Volkswagen Group of America CEO Scott Keogh has reportedly called the Biden administration's proposed tax credit for electric cars built at unionized factories "fundamentally wrong."

The interview, for the SiriusXM show "In The Driver's Seat," isn't scheduled to air until November 2, but industry trade journal Automotive News (subscription required) published a series of quotes attributed to Keogh that don't mince words on the issue.

VW is ramping up production of the ID.4 electric crossover at its Chattanooga, Tennessee, factory with the goal of getting U.S.-produced vehicles into showrooms next year. Despite VW workers represented by a strong union in its home Germany, VW's U.S. factory isn't unionized, so its products would lose out on that extra tax credit.

Keogh said the union-made bonus would privilege workers in other parts of the country over VW's Chattanooga workers.

First 2021 Volkswagen ID.4 validation build completed at Chattanooga factory

First 2021 Volkswagen ID.4 validation build completed at Chattanooga factory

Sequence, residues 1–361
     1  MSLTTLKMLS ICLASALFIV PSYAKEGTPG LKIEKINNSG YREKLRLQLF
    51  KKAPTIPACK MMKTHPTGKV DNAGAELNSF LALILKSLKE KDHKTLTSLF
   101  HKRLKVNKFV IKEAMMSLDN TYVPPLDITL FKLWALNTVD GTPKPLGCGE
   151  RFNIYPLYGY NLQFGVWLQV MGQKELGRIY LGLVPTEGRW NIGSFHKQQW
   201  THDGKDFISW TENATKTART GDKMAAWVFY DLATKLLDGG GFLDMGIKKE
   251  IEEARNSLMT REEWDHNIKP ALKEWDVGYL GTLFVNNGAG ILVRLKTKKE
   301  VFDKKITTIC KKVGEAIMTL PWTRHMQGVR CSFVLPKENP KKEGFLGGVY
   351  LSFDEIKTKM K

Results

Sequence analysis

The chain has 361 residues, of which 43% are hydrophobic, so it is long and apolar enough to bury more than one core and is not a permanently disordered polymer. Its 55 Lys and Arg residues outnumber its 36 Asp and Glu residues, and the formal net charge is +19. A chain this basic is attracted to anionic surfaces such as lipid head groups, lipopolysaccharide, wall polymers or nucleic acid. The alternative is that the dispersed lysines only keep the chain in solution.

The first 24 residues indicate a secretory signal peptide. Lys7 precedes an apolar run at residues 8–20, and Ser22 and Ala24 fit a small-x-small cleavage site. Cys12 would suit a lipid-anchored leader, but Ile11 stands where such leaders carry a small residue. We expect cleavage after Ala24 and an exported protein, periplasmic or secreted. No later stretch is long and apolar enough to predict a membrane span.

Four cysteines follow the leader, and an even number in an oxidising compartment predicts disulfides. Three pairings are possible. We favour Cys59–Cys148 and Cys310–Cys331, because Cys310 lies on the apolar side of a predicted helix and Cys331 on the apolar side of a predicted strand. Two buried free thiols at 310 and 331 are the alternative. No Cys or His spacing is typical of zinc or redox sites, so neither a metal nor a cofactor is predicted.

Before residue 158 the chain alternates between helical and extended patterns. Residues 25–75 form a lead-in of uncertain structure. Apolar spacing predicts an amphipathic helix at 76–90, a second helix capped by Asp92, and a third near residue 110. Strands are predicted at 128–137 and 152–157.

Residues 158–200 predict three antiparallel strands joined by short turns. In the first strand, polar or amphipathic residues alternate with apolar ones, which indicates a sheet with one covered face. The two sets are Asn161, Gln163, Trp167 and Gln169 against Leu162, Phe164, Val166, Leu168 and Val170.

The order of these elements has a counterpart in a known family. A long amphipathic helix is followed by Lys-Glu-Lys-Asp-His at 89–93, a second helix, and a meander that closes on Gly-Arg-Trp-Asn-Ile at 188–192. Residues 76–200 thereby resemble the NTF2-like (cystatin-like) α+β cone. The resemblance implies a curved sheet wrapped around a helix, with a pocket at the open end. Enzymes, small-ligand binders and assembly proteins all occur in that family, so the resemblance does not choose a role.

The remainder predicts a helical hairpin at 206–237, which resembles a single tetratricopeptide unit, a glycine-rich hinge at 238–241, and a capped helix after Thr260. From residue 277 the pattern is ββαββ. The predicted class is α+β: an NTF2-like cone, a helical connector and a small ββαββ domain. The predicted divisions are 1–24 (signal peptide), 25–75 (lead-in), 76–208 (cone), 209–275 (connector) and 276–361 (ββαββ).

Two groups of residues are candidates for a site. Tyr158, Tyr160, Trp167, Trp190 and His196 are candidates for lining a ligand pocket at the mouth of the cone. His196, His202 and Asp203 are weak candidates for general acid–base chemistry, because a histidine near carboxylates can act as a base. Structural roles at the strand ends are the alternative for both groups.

The way the latest EV tax-credit bills are currently written, buyers of non-union-made or imported EVs would still receive the current $7,500 tax credit, with some new constraints. But they wouldn't be eligible for a union-made bonus of $4,500 in the House version of the bill or $2,500 in the Senate version.

Tesla, Honda, and Toyota—which also build cars at non-union U.S. factories—have also pushed back on the union-made bonus. In a letter to Congress, Toyota framed its objections around claims that the union-made bonus would be a handout to the wealthy.

Biden has also pushed for point-of-sale incentives instead of something you have to wait and file with your taxes. But that's something that might not happen this time around.

With batteries the most resource-intensive single component in EVs, a push for more American-made batteries might be a better use of extra incentives.